Victoria, Vancouver, Calgary, Edmonton, Winnipeg, Toronto, Ottawa and Montreal

This content is FREE to use Enter your name and email to download

Looks like you have entered a product ID (7792) that doesn't exist in the product database. Please check your product ID value again!

480 words, with tag

By Charles Lammam
and Hugh MacIntyre
The Fraser Institute

Canada’s personal income tax system is complicated and the nuances are often cryptic. So citizens routinely rely on Canada Revenue Agency staff to help them navigate the system. Turns out, the system is often too complicated even for CRA officials to understand.

A recent report by Canada’s auditor general found that almost 30 per cent of the answers CRA officials gave to public queries were wrong. Some questions were more likely to get incorrect answers than others. For example, when asked when interest begins to be charged on initial assessments, CRA officials gave the wrong date 84 per cent of the time.

The auditor general doesn’t delve into why wrong answers are given, but part of the reason is the sheer complexity of the system.

By multiple measures, our personal income tax system has grown increasingly complex since it was established 100 years ago. In 1917, the Income Tax Act contained 3,999 words. By 2016, it ballooned to 1,029,042 words. The number of pages – after standardizing – increased from a mere six in 1917 to 1,412 a century later.

So it’s no wonder CRA officials regularly get details wrong.

A key source of complexity is the long list of tax credits, deductions and other special preferences (collectively known as tax expenditures). These cover a wide range of activities such as donating to a political party, volunteering as a firefighter and buying a home for the first time. From 1996 to 2014, the federal government added 27 personal tax expenditures for a total of 128. That’s a 27 per cent increase in just 18 years.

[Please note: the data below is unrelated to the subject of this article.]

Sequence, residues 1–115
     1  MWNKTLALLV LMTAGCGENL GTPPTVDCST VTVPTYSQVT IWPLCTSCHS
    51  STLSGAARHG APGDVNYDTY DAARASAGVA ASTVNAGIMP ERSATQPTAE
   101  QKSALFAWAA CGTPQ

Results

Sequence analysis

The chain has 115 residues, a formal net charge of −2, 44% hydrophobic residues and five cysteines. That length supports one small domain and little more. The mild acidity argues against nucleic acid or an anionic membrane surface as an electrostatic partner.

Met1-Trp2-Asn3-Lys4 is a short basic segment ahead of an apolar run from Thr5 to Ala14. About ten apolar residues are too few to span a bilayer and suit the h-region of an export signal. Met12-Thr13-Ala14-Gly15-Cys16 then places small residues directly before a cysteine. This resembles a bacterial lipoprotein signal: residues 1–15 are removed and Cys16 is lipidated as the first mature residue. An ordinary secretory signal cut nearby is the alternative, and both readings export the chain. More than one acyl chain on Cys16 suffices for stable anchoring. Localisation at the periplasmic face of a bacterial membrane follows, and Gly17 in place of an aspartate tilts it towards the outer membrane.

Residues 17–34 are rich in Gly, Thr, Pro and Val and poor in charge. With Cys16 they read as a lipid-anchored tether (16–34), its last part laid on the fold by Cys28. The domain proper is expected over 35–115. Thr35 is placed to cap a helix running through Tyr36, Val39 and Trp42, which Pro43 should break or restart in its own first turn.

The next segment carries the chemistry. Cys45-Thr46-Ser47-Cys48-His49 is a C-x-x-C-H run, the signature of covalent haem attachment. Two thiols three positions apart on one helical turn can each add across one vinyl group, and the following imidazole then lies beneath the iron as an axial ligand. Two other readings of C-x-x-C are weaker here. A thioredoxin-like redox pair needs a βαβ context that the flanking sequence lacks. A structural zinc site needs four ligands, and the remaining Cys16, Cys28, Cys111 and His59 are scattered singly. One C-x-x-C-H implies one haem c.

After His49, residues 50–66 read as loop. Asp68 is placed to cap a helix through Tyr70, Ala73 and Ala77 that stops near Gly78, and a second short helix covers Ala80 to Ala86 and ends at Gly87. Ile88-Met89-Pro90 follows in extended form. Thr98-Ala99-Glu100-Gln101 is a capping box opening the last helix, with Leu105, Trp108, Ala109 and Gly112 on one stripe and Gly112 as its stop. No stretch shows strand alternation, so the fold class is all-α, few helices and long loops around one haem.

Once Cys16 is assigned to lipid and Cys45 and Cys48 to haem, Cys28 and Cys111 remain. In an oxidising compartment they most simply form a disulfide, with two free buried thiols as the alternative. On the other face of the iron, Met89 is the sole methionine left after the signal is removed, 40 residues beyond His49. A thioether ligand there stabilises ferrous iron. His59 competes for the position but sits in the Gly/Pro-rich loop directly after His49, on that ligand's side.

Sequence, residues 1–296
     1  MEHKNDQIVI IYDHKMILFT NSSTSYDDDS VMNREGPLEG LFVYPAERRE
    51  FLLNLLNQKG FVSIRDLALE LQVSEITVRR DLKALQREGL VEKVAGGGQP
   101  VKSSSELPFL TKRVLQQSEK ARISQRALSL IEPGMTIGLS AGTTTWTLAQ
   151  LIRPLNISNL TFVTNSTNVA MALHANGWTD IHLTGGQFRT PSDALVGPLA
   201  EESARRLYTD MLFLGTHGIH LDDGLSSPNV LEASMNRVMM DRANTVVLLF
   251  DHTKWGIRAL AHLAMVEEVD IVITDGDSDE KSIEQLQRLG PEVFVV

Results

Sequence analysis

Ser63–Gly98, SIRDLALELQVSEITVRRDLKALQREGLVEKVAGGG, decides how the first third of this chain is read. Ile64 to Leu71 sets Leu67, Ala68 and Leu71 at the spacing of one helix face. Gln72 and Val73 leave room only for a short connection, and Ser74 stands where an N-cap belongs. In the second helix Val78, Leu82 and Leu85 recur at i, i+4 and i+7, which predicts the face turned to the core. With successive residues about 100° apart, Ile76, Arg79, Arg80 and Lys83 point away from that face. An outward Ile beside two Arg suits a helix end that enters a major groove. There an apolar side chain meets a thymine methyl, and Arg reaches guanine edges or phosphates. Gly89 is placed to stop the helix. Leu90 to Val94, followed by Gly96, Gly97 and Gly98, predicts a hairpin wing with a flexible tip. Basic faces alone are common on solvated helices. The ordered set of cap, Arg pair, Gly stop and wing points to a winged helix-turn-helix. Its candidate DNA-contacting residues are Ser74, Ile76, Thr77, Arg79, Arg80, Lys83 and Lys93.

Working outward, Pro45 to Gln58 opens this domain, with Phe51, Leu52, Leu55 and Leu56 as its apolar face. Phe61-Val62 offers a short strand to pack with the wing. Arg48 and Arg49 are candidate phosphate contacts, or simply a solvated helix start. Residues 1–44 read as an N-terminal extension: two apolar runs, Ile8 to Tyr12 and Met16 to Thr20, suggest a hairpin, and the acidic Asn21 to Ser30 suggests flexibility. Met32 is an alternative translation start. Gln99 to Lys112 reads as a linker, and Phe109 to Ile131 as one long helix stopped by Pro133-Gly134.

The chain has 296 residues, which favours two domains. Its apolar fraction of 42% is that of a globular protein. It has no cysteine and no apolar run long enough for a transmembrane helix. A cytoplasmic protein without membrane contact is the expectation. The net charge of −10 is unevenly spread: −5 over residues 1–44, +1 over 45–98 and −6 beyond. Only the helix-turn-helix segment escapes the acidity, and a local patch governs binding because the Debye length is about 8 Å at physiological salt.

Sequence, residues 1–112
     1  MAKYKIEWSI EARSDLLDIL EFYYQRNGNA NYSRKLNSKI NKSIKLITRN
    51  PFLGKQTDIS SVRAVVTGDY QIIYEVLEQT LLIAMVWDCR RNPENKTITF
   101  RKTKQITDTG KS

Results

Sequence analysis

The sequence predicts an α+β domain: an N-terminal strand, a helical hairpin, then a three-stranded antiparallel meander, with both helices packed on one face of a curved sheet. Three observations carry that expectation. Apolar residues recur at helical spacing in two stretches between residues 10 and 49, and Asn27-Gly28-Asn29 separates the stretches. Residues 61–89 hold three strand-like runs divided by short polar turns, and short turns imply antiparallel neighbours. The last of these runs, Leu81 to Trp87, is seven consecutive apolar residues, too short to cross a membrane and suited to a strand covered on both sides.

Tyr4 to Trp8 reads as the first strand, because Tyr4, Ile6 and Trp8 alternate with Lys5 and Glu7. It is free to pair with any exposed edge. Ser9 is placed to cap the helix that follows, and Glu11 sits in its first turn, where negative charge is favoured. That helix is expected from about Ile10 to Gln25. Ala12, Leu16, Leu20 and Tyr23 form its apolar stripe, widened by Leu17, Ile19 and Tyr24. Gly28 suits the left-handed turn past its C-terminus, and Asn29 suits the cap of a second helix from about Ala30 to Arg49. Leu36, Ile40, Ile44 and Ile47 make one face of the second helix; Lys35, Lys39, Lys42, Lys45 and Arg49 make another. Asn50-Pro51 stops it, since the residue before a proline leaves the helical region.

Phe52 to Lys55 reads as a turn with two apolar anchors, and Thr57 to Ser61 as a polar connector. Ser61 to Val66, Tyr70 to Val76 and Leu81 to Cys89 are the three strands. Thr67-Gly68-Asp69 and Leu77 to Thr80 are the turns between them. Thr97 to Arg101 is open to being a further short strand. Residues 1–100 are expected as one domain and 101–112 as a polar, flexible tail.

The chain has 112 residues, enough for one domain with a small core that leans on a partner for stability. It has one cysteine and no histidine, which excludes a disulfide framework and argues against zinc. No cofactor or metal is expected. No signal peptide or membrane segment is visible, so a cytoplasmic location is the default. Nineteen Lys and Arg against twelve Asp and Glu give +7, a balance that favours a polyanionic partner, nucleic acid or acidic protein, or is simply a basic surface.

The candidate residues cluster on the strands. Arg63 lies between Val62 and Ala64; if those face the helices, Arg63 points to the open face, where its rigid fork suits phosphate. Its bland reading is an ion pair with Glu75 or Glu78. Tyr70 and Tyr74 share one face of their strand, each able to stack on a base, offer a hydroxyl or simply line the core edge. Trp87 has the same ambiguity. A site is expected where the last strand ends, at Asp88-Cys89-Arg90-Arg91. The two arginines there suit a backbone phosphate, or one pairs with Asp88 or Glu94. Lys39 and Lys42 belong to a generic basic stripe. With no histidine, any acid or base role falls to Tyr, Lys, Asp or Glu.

Claiming these tax credits typically requires tax-filers to store receipts or fill out additional forms to demonstrate eligibility. This adds significantly to the time and frustration involved in submitting a tax return.

As tax complexity grows, so do tax compliance costs. Direct costs to Canadian households include hiring professionals to help fill out tax forms (accountants, lawyers, etc.) and purchasing specialized software for the same purpose. Indirect costs include the value of the time required to understand the tax rules, compile relevant materials and complete the tax form.

Once all of these costs are added up, Canadians spend nearly $7 billion complying with the personal income tax system each year. That translates to about $501 per household.

CRA officials are supposed to make the process easier by providing clear and accurate answers to the public’s questions. But clearly they too are often confused by the tax system.

It would certainly be a good thing for the CRA to improve the accuracy of its answers, but there’s a broader problem that should be solved: the complexity of the system itself.

After all, there would be less reason to call the CRA if the system was easier to navigate.

Charles Lammam is director of fiscal studies and Hugh MacIntyre is a senior policy analyst at the Fraser Institute (

Check out our new, reduced, membership rates!

Troy Media Marketplace © 2017 – All Rights Reserved
Trusted editorial content provider to media outlets across Canada
Terms and Conditions of use

Tags: , , , ,